Rate cartel: RBI must drop hint
Governor Raghuram Rajan set out the Sixth Bi-Monthly Monetary Policy for 2014-15 on February 3, 2015. Since the Reserve Bank of India had taken policy action on January 15, 2015, it was expected that the policy statement would be a mere narration of the current situation. What has surprised all is that the Policy Statement is far-reaching and not only covers monetary policy, but also Development and Regulatory issues.
While the key policy repo rate at which the RBI provides liquidity to the banks against the collateral of government securities has been kept unchanged at 7.75 per cent, there are two changes which are noteworthy.
First, the statutory liquidity ratio (SLR) under which banks are required to maintain a minimum proportion of their liabilities in government securities has been lowered from 22 per cent to 21.5 per cent. The concern is that while the mandatory SLR has been reduced over time, the
government's borrowing programme has been rising very sharply over the years. With a lower SLR and a rising borrowing programme, the RBI can be pressured to absorb more securities, which will generate more liquidity, which will put pressure on inflation. With the Union Budget on February 28, 2015, one strategy could have been to take a decision on the SLR after the Union Budget. The flip side of this is that by lowering the SLR before the Budget, it is a signal to the government to keep the borrowing programme within reasonable limits.
Second, a significant development is the closing of the Export Credit Refinance (ECF) facility. It has all along been known that sector specific refinance facilities attenuate the monetary transmission process. The recent Urjit Patel Committee had recommended that sector specific refinance facilities should be terminated and liquidity injection should be via the repo facility. The RBI has struggled for 25 years to break away from the ECF facility, but with the strong pressure groups, this has not been possible. The ECR is an inefficient way of supporting the export sector. The appropriate instrument is an appropriate exchange rate.
The present columnist and other eminent experts like Shankar Acharya and A.V.Rajwade have argued that the Indian rupee is over-valued and this is having a drag on
export competitiveness . This is all the more relevant as micro, small and medium industry predominate in exports while large industry is import intensive. What is disconcerting is that in non-competing areas, imports have become competitive and are driving out the smaller Indian units. While the balance of payments current account deficit (CAD) for 2014-15 is estimated at 1.3 per cent of GDP, recent experience shows that the CAD can rapidly widen.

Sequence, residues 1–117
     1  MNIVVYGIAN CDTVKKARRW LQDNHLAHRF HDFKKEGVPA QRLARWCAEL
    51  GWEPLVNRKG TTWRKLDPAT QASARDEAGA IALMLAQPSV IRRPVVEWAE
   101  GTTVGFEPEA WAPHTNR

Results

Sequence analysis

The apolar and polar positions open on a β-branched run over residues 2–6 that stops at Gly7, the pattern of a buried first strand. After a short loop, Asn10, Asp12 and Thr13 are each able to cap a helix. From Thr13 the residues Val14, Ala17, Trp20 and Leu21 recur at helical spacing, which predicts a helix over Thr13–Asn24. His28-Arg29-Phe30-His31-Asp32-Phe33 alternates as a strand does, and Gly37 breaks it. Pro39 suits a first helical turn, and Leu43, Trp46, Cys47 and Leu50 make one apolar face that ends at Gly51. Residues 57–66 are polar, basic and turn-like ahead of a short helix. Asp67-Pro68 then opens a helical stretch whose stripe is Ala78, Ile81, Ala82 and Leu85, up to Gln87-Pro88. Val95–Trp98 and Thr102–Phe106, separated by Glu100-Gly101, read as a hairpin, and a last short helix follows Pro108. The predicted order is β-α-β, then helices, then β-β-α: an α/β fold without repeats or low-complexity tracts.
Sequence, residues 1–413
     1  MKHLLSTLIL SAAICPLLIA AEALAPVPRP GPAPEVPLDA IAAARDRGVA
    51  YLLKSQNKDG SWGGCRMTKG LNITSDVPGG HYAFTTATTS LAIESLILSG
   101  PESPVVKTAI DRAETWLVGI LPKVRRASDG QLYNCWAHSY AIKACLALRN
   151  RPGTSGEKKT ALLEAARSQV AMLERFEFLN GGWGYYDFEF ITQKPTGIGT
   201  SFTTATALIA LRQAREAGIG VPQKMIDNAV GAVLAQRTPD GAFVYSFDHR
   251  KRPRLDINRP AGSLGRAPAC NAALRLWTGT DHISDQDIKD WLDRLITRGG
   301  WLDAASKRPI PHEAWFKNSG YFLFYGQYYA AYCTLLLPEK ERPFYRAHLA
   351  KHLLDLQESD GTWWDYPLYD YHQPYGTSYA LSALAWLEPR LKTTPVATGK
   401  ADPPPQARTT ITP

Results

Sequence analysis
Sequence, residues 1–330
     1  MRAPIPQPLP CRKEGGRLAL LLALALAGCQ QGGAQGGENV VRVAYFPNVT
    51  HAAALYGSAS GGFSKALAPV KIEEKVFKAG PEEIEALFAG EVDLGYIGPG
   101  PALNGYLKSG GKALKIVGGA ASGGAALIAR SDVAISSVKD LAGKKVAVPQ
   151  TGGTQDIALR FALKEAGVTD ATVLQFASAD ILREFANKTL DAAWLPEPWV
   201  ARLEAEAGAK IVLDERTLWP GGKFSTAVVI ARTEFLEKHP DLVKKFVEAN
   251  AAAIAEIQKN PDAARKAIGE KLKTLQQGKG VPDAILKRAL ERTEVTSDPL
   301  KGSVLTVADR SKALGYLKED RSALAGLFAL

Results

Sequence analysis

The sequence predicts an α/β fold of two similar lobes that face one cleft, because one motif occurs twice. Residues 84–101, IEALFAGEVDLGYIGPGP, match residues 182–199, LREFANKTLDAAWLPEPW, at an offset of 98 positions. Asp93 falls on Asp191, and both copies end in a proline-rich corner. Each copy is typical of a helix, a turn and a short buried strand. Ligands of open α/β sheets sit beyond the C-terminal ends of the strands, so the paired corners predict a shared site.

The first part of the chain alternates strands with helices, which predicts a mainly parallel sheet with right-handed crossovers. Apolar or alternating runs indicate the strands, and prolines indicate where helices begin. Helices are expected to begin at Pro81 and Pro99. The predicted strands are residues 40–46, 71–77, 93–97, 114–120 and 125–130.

Since the RBI has clearly declared that it is committed to slowing down the inflation rate, it is gratifying to note that current indications are that the six per cent target for January 2016 will be met. It is important that a resurgence in inflation is not allowed to take place, especially as inflation hurts the weakest sections the most.
Development and regulatory measures
While the policy statement sets out a number of issues, there are three issues of concern to the common person.
First, individuals were allowed to take out of the country US $ 200,000 per annum. This was drastically reduced to US $ 75,000 in August 2013. In June 2014, it was raised to US $ 125,000.In a bold measure, the limit has been doubled to US $ 250,000.The liberal limit is unlikely to impact adversely on the balance of payments. In fact, a more liberal regime results in increased net inflows.
Second, the differential system of deposit interest rates is being tightened. At present, differential, interest rates can be prescribed by banks for deposits less than Rs one crore and deposits of Rs one crore and above. Deposits of less than Rs one crore by individuals and Hindu Undivided Families are callable i.e. they can be prematurely terminated. Under the new dispensation, to avoid asset liability maturity mismatches, a separate structure of interest rates is being prescribed, which will be non-callable. This will imply that the callable deposits will carry lower interest rates. This is unfortunate, as depositors are already suffering from low effective deposit rates given the inflation rate and this measure will worsen the position of depositors.
In June 2005, the RBI, in a benchmark circular, eased the procedures to enable easy transmission of deposits in the event of the death of a depositor. Under the extant instructions, premature encashment of deposits is permitted if all the depositors during their life time indicate that premature termination should be permitted. When setting out the detail instructions the RBI should specify that in the event of death of a depositor who holds non-callable deposits, premature termination should be permitted.
Third, there is an absence of any reference to the major problem on savings bank deposit interest rates. Since 2011 the rate was deregulated and each bank was to fix its own rate taking into account the cost of funds. All banks, other than a few small banks have cartelised the savings bank deposit rate at four per cent, the erstwhile regulated rate. This is an obvious case of cartelisation and action is called for.
A mere hint from the RBI should be enough to break the cartel. If the Jan Dhan scheme is to succeed, the cartel must be broken expeditiously.
Note: This article was first published in The Freepress Journal on February 09, 2015. Syndicated.
This column, Common Voice is authored by Savak Sohrab Tarapore. Mr. Tarapore, is an economist and he runs his own Multi-Language Syndicated Column. Mr. Tarapore's other column, which appears in The Hindu Business Line, is titled Maverick View.
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